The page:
Chicago Bears players say it felt like a home game to them.  Let me see, Romo threw five interceptions largely aided by wide receiver mistakes, and two of those were returned for touchdowns.  Also, Bears fans have been known to travel well.  So when you add all that up, gee no wonder it felt like a home game to them.  The Cowboys essentially handed them the game on a silver platter and the only fans in the stadium who had a reason to cheer were Bear fans.

Like that Bears game, Cowboy fans just haven't had a reason to cheer for much.  The fans may not have been always all that and a bag of chips in Aikman's day even when they were dominating the league, but it's a different time now.  Who knows how great the home field advantage could have been in this millennium if the Cowboys were putting out a winning product year in and year out like the Pats, the Steelers, the Ravens, and so forth.  The fact of the matter is the Cowboys have put out an atrocious product for the last 16 years.  One playoff win in that span says it all.  Since that playpen paradise was opened, the Cowboys are 14-13 in that billion dollar garbage.

I'm guessing that this new stadium can hold something like 90K people.  If the Cowboys would simply play better at home, you would see a better home field advantage.  Maybe it's just me, but it's hard to get excited and cheer raucously for a team that constantly gets down early in ball games.  I've endured this entire one playoff win in 16 years as a fan and in those years, I've felt like Dallas gets down early in almost every home game.  Maybe an exaggeration to a degree, but what I'm saying does hold some sort of weight.  Just this season in three games, they've gotten down early in all of them.  Against Tampa Bay, down 7-0 right off the bat after an interception on the first possession by Romo.  Down 3-0 to Chicago, and then 10-0 after a pick six just before half.  Yesterday, starts off the game and gives up a 56-yard play to set up a FG.  Down 3-0 right after the first possession of the game.  We know what would later happen as they would dig a 23-0 hole.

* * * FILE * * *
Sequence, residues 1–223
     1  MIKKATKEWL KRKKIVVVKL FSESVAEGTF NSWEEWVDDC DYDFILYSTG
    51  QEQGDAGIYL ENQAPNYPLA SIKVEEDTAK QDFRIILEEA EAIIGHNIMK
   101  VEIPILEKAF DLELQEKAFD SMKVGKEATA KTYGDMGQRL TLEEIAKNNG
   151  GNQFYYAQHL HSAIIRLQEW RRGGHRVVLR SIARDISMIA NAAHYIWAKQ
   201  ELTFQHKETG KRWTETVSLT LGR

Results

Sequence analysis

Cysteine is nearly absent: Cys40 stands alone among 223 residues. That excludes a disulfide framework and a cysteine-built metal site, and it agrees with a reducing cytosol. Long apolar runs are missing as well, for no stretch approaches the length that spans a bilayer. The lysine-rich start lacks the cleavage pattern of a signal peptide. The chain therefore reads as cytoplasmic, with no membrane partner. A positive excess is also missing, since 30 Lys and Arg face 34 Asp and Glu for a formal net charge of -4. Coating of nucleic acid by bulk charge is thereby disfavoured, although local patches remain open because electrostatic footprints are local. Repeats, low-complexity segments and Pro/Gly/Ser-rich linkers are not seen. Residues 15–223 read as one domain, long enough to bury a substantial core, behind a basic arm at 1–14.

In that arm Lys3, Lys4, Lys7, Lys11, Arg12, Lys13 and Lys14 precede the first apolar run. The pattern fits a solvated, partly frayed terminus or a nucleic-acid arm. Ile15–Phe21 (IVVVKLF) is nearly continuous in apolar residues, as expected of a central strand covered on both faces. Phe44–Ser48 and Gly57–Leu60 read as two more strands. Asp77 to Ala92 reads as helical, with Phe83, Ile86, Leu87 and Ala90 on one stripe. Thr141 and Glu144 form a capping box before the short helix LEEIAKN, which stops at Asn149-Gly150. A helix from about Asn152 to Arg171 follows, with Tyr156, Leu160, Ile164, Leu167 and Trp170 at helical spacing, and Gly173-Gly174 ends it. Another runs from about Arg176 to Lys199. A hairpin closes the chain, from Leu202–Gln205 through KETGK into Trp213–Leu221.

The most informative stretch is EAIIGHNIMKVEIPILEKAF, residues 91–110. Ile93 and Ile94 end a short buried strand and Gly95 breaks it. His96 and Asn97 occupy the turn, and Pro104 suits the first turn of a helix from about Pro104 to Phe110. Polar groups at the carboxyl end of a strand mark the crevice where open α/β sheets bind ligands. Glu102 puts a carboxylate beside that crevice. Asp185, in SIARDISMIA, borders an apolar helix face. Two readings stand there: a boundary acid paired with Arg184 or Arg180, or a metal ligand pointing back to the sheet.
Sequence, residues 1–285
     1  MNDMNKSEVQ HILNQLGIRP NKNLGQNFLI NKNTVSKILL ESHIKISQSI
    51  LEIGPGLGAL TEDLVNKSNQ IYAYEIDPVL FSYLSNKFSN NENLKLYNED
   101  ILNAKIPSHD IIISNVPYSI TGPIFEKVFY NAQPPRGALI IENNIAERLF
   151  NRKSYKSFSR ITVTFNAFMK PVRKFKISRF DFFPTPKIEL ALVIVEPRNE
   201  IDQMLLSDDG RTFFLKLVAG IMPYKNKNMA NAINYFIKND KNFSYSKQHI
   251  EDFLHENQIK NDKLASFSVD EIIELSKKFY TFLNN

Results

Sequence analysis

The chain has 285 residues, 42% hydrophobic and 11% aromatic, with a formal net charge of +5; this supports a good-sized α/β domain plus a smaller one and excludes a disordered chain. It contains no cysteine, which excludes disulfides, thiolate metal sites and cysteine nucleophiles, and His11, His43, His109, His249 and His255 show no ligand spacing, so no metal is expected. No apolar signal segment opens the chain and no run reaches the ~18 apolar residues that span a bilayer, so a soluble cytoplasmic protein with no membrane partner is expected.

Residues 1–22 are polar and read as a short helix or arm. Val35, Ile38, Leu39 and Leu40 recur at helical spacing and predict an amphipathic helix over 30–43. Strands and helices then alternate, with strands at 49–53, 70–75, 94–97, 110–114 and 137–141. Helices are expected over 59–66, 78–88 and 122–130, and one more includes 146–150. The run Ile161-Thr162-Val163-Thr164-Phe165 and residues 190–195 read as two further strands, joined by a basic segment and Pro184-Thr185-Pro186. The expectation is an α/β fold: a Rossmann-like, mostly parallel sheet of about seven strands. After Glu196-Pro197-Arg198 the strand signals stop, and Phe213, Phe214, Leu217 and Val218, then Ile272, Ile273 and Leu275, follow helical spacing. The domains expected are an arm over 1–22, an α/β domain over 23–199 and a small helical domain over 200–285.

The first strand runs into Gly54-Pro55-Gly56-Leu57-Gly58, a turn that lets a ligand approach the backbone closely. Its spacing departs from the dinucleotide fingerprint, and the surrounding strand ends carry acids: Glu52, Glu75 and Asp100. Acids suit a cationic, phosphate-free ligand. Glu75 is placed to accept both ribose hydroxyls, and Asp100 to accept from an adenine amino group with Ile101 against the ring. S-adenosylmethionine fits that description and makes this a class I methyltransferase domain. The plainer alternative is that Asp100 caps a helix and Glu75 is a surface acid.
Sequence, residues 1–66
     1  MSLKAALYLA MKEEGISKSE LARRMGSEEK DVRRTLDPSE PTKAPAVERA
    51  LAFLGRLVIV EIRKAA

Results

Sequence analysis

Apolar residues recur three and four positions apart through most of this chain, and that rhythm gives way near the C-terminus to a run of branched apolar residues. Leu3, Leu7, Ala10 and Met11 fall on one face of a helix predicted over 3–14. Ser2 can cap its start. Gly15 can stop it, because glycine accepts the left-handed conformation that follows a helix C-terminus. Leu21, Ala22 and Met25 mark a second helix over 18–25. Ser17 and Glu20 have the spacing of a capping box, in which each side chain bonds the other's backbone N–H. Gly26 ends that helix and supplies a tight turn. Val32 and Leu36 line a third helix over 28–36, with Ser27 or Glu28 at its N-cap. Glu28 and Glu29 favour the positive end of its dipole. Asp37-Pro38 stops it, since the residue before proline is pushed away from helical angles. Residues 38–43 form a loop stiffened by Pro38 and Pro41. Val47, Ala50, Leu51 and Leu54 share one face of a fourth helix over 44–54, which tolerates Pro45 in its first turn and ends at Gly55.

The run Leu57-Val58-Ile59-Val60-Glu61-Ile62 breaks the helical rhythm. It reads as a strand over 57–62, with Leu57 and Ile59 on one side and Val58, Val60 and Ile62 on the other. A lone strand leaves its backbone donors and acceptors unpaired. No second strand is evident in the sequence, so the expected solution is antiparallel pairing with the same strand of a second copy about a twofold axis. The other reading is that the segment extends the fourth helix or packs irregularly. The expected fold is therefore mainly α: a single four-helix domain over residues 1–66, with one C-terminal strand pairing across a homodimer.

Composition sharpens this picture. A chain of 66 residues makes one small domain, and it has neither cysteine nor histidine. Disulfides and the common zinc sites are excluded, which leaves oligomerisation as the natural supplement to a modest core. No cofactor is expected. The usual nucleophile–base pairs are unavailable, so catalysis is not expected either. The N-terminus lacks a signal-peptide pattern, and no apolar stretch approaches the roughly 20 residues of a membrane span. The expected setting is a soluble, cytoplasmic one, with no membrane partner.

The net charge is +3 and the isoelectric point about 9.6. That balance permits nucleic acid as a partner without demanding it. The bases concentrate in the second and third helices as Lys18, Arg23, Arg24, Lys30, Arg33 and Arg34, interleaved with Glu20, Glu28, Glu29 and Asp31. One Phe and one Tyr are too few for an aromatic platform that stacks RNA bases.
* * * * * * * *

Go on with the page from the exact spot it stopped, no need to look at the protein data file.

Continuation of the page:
So again I say, this team gives the fans nothing to cheer for.  The Cowboys have all these stupid false start penalties that have absolutely no business happening in home games. The worst of all is these back-breaking turnovers that put them in deep holes or in last year's game against the Detroit Lions, brings the opponent all the way back into the game.  When you are at home, you are supposed to feel comfortable.  Everything is supposed to go right because you know you have the crowd behind you.  You should be a lot more relaxed and feel as if nothing can go wrong in your residence.

With these Cowboys, it's completely different.  They don't play relaxed, they have stupid penalties, they don't relish in the fact that they are playing at home.  They play way too tense as if they are on the road.  They make key mistakes that you just shouldn't make at home.  You are supposed to let the other team make mistakes in your building, not you.  That's what has been wrong with the Cowboys in Cowboys Stadium and in Texas Stadium the past 16 years.  The poor home field advantage has been the fault of the team, not the fans.  You can't blame these fans for not being intimidating when they are just waiting for an accident to happen almost every single time they take the field.